The importance of technology, connectivity and cybersecurity in everyday life has been highlighted by the COVID-19 pandemic. The introduction of lockdowns to prevent the virus spreading meant society became dependent on digital technologies like never before.
In an effort to save lives and ease the pressure on hospitals, millions of people began working remotely from home while much of our shopping, socialising and learning activities was done using computers and mobile devices.
Even crucial public services became accessible online and the pandemic provided a glimpse of both the possibilities and potential vulnerabilities of technology and digitisation.
It has been a new experience for many, but even before the coronavirus struck the European Commission had already made creating a Europe fit for the digital age one of its main priorities for 2019-2024.
Malta's Digital Life
The European Commission monitors the digital progress of Member States through annual Digital Economy and Society Index (DESI) reports. Ireland ranks 6th in the Digital Economy and Society Index (DESI) for 2020 and has been the fastest growing Member State in the EU over the previous five years.
Malta ranks 5th out of the 28 EU Member States in the Digital Economy and Society Index (DESI) 2020. Based on data prior to the pandemic, the country performs above the EU average in all the five dimensions of the index. Malta performs well on broadband connectivity. The country records good scores on human capital, especially because of the high share of ICT specialists and ICT graduates, while also the involvement of women in the digital sector is gradually increasing. More and more people in Malta use the internet (with a percentage of internet users now in line with the EU average) and engage in a number of activities (scoring very high when it comes to selling online). Maltese businesses rank first on the use of big data, and the overall level of business digitisation is relatively high.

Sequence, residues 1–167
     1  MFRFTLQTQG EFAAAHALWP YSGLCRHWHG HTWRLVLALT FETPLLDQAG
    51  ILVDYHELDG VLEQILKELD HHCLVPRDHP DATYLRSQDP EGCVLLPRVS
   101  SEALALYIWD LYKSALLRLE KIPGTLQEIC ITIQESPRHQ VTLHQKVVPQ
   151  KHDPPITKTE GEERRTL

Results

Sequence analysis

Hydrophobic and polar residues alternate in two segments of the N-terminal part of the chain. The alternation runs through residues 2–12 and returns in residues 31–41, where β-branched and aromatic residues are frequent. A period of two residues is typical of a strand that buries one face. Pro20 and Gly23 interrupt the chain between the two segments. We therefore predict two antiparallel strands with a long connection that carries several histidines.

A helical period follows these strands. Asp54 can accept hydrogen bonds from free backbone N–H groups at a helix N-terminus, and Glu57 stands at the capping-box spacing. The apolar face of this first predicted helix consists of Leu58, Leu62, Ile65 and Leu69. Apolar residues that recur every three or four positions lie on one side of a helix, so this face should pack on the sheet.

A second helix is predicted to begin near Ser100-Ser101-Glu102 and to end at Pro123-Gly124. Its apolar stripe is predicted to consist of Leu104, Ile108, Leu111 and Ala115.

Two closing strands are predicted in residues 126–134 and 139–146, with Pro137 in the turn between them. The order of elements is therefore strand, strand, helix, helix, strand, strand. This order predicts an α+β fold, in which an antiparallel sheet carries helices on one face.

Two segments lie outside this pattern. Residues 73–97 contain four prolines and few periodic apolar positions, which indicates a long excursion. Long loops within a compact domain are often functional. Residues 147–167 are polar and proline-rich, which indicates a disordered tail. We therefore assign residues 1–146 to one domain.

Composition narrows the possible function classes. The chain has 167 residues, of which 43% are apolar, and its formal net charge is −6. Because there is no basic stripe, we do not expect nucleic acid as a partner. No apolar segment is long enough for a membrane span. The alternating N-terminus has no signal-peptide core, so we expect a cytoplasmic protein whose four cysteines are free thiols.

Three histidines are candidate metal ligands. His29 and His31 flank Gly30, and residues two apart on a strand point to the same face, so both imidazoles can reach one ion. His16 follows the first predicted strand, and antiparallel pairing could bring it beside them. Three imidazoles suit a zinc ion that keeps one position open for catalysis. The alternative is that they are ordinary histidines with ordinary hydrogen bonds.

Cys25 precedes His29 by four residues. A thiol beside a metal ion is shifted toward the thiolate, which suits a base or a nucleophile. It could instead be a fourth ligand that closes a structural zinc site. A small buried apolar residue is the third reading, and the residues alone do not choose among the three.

The country’s performance in digital public services continues to be negatively affected by the low use of e-government services by the general public. Low progress on open data policies is another reason for Malta falling behind other EU Member States.
The EU digital strategy aims to get more women interested in technology and increase the number of female tech entrepreneurs. According to the European Commission’s 2020 Women in Digital (WiD) Scoreboard, only 18% of ICT specialists are women.
Digital strategy for Malta
Malta’s latest National Digital Strategy was published in 2014. The ICT industry in Malta has achieved substantial growth in the past decade. Excluding the iGaming sector, it now accounts for more than 5% of the nation’s GDP. Besides being a sector in its own right, ICT also helps other business sectors to develop and grow. It is the enabler of the smart specialisation areas identified in the National Research and Innovation Strategy 2020. The Digital Malta Strategy has been designed to foster a strong, competitive, ICT-enabled and export-oriented industry, able to compete globally. It will also propel ICT further in sustaining business and innovation, contributing to economic growth and while a public consultation on a new strategy was held in 2018 it remains to be seen exactly how Ireland will deliver its digital transformation.
The European Commission is working on a digital transformation that puts people first, opens new opportunities for business and works towards achieving Europe’s Green Deal ambition of becoming the first climate neutral continent by 2050.
The EU approach to the digital future is designed to ensure technology improves the daily life of citizens and creates an environment that makes it easier for businesses to start, grow, innovate and compete.
The digitisation of Europe will take time, and it presents many challenges, including bridging the digital divide between those with access to computers and the internet and those with limited access or who struggle with technology.
Shaping Europe's digital future
Benefits of EU’s digital strategy
Malta’s National Digital Strategy
The European Commission has set up a ‘Digital Compass that translates the EU’s digital ambitions into concrete targets to be achieved over the next decade.